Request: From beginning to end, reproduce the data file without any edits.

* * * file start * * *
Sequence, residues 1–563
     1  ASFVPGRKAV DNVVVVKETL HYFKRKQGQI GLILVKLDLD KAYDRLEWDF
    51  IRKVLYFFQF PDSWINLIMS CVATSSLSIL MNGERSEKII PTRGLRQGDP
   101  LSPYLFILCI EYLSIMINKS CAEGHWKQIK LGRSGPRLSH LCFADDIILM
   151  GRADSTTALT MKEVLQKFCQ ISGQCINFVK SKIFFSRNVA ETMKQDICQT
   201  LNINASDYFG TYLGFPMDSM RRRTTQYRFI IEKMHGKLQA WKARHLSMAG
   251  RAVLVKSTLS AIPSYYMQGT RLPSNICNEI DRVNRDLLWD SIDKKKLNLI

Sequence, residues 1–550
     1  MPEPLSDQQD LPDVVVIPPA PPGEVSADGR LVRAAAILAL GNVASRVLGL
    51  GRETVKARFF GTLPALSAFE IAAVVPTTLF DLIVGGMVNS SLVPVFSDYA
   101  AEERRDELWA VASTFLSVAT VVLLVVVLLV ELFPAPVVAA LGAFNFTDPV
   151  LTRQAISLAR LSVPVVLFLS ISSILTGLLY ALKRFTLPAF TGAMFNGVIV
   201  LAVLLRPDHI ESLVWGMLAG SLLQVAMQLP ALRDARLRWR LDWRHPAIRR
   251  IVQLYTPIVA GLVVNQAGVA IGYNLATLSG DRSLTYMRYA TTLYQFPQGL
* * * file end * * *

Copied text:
Sequence, residues 1–563
     1  ASFVPGRKAV DNVVVVKETL HYFKRKQGQI GLILVKLDLD KAYDRLEWDF
    51  IRKVLYFFQF PDSWINLIMS CVATSSLSIL MNGERSEKII PTRGLRQGDP
   101  LSPYLFILCI EYLSIMINKS CAEGHWKQIK LGRSGPRLSH LCFADDIILM
   151  GRADSTTALT MKEVLQKFCQ ISGQCINFVK SKIFFSRNVA ETMKQDICQT
   201  LNINASDYFG TYLGFPMDSM RRRTTQYRFI IEKMHGKLQA WKARHLSMAG
   251  RAVLVKSTLS AIPSYYMQGT RLPSNICNEI DRVNRDLLWD SIDKKKLNLI

Sequence, residues 1–550
     1  MPEPLSDQQD LPDVVVIPPA PPGEVSADGR LVRAAAILAL GNVASRVLGL
    51  GRETVKARFF GTLPALSAFE IAAVVPTTLF DLIVGGMVNS SLVPVFSDYA
   101  AEERRDELWA VASTFLSVAT VVLLVVVLLV ELFPAPVVAA LGAFNFTDPV
   151  LTRQAISLAR LSVPVVLFLS ISSILTGLLY ALKRFTLPAF TGAMFNGVIV
   201  LAVLLRPDHI ESLVWGMLAG SLLQVAMQLP ALRDARLRWR LDWRHPAIRR
   251  IVQLYTPIVA GLVVNQAGVA IGYNLATLSG DRSLTYMRYA TTLYQFPQGL